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Column: Practical Usability

UXmatters has published 56 editions of the column Practical Usability.

Top 3 Trending Practical Usability Columns

  1. The Biggest Mistakes in User Research, Part 1

    Practical Usability

    Moving toward a more usable world

    A column by Jim Ross
    January 7, 2019

    If you break user research down to its essential steps—watching people perform their tasks and interviewing them—it sounds deceptively easy. However, as anyone who has conducted user research knows, it involves much more than that, and it’s a lot harder than it looks. In this two-part column, I’ll discuss some of the biggest mistakes people make when planning and conducting user research and how to avoid them.

    Conducting General User Research Without Any Focus

    If you have all the time and money in the world, embarking on a user-research study with the vague goal of learning about a product’s users is a fine idea. However, in the real world, you’ll rarely have the luxury to pursue such broad, undefined user-research goals. So, unless you have a lot of time, money, and a limitless number of participants, doing general, unfocused research produces general, unfocused findings. Such research rarely elicits enough information to draw useful conclusions. Read More

  2. Communicating User Research Findings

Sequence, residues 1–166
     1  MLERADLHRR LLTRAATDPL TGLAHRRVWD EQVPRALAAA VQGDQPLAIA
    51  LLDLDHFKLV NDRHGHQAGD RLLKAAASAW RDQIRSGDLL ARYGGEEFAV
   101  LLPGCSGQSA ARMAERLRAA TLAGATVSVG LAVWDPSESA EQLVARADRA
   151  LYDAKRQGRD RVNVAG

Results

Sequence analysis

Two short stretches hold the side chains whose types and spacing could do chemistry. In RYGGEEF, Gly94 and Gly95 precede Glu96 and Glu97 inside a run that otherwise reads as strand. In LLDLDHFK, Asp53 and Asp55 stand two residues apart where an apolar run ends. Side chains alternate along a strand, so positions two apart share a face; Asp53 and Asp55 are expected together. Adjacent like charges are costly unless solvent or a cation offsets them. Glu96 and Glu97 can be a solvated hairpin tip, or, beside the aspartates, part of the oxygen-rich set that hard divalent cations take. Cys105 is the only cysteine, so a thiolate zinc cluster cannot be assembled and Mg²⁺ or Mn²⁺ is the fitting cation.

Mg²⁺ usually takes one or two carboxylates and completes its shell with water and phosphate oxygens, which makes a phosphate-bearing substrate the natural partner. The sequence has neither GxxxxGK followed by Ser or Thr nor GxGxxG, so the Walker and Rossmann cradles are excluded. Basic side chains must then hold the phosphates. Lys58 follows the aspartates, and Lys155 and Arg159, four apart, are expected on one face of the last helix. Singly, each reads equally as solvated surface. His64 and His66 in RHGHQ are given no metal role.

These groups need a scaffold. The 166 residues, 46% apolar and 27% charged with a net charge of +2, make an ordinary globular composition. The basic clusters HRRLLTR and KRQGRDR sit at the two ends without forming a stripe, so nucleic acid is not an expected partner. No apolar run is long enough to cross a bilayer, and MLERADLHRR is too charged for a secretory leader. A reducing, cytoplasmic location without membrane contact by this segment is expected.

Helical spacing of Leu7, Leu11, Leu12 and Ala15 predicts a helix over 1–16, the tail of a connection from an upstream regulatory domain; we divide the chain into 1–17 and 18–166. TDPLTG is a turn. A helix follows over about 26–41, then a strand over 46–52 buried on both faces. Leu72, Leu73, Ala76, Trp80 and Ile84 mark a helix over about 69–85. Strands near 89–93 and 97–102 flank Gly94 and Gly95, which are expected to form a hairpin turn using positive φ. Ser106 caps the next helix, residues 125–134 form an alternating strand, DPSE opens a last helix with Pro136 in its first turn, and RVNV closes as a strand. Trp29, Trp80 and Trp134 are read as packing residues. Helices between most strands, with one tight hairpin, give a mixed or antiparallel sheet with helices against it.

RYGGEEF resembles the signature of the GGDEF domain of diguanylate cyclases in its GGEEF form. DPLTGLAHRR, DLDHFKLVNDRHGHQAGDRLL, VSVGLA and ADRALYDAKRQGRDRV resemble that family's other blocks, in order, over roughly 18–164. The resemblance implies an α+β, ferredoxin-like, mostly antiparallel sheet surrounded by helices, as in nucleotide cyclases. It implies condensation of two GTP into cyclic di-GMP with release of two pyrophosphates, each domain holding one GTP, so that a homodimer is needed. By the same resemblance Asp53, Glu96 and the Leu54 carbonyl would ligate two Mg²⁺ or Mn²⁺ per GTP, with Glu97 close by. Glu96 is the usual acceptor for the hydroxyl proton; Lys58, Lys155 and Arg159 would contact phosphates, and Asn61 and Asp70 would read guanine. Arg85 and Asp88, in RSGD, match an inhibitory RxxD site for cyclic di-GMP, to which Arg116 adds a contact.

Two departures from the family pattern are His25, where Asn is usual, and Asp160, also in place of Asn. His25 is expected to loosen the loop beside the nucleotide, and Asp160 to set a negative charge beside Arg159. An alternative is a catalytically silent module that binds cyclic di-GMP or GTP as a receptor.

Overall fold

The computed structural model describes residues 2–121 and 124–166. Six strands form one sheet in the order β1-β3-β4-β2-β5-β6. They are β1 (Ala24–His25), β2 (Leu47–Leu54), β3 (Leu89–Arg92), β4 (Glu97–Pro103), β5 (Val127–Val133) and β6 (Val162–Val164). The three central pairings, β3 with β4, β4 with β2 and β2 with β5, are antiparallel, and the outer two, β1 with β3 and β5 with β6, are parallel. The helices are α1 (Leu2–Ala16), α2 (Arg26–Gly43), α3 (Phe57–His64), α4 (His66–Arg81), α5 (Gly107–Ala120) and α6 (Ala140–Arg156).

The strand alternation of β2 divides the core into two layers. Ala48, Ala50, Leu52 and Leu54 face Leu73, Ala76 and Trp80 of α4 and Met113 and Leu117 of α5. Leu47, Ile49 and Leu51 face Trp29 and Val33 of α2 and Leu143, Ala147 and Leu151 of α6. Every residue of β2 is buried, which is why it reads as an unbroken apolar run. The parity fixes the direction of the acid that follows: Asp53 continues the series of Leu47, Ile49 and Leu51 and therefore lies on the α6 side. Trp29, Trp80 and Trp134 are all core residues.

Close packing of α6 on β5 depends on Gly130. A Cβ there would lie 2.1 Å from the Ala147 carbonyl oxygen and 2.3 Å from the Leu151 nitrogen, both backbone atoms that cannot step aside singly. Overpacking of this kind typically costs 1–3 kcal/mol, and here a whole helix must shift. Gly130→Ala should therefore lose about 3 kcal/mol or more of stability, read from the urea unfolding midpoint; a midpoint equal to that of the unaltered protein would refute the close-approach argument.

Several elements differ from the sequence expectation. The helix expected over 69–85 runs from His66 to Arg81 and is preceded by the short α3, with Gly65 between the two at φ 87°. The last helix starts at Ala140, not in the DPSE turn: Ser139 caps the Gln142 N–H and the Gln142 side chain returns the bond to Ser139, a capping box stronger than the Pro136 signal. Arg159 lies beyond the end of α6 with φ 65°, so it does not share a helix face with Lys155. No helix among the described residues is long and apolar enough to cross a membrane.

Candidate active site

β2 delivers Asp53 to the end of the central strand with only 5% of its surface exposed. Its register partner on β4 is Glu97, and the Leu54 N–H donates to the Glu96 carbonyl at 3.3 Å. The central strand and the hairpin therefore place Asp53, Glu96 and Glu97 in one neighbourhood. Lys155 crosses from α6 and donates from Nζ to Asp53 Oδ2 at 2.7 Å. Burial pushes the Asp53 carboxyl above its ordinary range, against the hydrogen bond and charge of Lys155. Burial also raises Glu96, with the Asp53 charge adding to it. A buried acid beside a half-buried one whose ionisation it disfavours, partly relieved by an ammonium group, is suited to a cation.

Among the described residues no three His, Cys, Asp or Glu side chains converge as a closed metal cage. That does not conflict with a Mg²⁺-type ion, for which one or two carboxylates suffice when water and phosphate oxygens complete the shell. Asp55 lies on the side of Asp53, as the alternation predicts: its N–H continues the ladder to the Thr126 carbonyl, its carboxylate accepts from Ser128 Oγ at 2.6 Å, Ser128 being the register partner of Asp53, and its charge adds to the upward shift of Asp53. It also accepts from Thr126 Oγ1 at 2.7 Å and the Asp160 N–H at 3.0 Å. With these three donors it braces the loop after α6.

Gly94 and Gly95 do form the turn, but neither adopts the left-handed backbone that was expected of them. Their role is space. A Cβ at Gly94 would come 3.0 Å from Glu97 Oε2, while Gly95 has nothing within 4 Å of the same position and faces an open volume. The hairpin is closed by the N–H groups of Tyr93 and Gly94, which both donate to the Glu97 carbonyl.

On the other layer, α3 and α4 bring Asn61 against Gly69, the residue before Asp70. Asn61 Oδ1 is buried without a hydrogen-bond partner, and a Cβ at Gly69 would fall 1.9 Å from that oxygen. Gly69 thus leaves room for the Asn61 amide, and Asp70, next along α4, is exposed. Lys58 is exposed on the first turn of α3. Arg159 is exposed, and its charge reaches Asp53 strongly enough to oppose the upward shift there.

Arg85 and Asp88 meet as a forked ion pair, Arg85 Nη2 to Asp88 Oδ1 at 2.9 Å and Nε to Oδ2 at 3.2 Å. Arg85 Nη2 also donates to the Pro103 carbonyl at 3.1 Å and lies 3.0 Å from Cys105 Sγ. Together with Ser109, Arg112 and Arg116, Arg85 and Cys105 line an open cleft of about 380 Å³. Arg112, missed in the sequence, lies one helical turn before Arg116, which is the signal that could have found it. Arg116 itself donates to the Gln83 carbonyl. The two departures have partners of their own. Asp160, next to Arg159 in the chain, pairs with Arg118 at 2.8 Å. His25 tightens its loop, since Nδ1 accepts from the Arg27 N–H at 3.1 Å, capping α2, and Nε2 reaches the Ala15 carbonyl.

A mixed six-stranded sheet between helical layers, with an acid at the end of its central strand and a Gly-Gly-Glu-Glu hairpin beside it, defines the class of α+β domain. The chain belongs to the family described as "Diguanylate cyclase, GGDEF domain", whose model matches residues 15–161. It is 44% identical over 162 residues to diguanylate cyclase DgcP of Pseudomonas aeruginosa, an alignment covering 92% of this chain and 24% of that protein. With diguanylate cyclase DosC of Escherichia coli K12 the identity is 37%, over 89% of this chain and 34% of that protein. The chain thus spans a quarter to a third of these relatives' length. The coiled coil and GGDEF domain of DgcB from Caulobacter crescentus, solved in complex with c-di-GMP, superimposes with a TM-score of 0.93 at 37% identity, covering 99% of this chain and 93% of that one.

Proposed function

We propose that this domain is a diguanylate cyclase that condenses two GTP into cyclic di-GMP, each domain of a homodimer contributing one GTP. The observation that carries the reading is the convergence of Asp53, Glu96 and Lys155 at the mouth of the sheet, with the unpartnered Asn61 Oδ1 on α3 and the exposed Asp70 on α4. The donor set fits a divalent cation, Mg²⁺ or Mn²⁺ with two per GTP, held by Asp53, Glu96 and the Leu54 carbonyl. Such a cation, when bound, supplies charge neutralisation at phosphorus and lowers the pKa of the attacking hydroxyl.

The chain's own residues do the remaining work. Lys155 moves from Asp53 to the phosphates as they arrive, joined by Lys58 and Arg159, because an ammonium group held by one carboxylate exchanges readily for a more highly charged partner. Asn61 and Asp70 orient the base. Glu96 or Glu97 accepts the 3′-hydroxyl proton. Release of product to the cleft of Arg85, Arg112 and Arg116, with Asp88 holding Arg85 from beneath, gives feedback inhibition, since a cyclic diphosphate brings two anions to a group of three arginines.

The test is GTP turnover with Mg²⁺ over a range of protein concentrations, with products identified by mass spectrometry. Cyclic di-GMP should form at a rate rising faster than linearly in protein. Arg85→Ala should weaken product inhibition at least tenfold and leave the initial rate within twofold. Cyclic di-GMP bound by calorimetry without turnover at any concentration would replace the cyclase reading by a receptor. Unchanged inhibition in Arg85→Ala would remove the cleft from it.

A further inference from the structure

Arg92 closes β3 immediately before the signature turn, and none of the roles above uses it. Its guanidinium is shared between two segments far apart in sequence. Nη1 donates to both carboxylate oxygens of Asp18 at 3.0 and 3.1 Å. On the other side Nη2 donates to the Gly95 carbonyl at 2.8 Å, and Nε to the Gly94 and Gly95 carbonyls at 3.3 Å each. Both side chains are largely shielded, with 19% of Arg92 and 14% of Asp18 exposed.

Practical Usability

    Moving toward a more usable world

    A column by Jim Ross
    February 6, 2012

    “No one reads reports!”
    “PowerPoint must die!”

    We’ve all read monotonous reports and struggled to remain awake during boring presentations, but must all deliverables be interminably dull? Conveying user research findings so people can understand them, believe them, and know how to act on your recommendations can be challenging. And providing enough detail without boring your audience is a difficult balance. But there are some best practices in communicating user research findings that can make them more effective—and even entertaining. Read More

  3. Recruiting User Research Participants by Email

    Practical Usability

    Moving toward a more usable world

    A column by Jim Ross
    November 3, 2014

    Email is often the most effective way to recruit user research participants.

    You might think: So what? Big deal! A whole article about emailing people? I already know how to email people.

    Of course, successfully recruiting participants by email requires a lot more skill and effort than simply sending out a bunch of email messages. Do it well, and you’ll get all the high-quality participants you need. Do it poorly, and you’ll end up with few or no participants, which could delay or even doom your study.

    In this column, I’ll detail some best practices and tips for successfully recruiting participants by email. Read More

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